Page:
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Long-term low vitamin D levels are associated with higher 10-year fracture risk in elderly women

Posted on: April 17, 2014   by  Vitamin D Council

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A recent study found that long-term low levels of vitamin D are related to higher 10-year fracture risk in elderly women.

Osteroporosis is a disease of the bone that results in decreased bone mass and density, which can increase the risk of fractures.

Low levels of vitamin D in seniors have been shown to lead to an increased risk of fractures in many studies. However, these previous studies involved only single measurements of vitamin D levels. There is little information about the effects long-term vitamin D insufficiency has on bone health.

The study was presented at the World Congress on Osteoporosis, Osteoarthritis and Musculoskeletal Diseases, the largest educational event and clinical research forum for osteoporosis, osteoarthritis and musculoskeletal diseases in Europe.

Swedish researchers took baseline measurements of vitamin D levels of 715 women, all aged 75 years. Levels were classified as low (<20 ng/ml), intermediate (20-30 ng/ml) and high (>30 ng/ml). Their levels were measured again five years later.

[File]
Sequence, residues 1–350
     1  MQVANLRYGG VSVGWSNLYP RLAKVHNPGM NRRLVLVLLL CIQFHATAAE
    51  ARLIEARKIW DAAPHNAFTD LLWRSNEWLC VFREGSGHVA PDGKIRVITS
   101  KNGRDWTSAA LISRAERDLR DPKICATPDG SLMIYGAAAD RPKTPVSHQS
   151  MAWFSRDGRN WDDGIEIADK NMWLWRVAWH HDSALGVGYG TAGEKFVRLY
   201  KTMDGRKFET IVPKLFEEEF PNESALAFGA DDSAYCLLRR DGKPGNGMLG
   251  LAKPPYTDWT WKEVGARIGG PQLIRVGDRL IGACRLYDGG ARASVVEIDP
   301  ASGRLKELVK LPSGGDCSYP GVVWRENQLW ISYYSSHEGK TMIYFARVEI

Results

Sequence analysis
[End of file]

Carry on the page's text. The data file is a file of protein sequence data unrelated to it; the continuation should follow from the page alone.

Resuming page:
Researchers measured the incidence of fractures for 10 years after the start of the study. They wanted to see if low vitamin D levels were associated with an increased incidence of osteoporotic fractures.

The results were intriguing. The incidence of hip fractures within 10 years was significantly lower in those women who were vitamin D sufficient at baseline and maintained sufficient levels at 5 years compared to women who were deficient and were still deficient 5 years later.  Interestingly, vitamin D status was not associated with the incidence of shoulder, radius, and vertebral fractures.

Professor Kristina Akesson, Clinical and Molecular Osteoporosis Research Unit at Lund University in Sweden, stated, “This is part of a body of research which increasingly suggests that falls and fracture risk in the elderly could be lower by having higher vitamin D levels.”

Source

http://medicalxpress.com/news/2014-04-swedish-impact-long-term-vitamin-d.html

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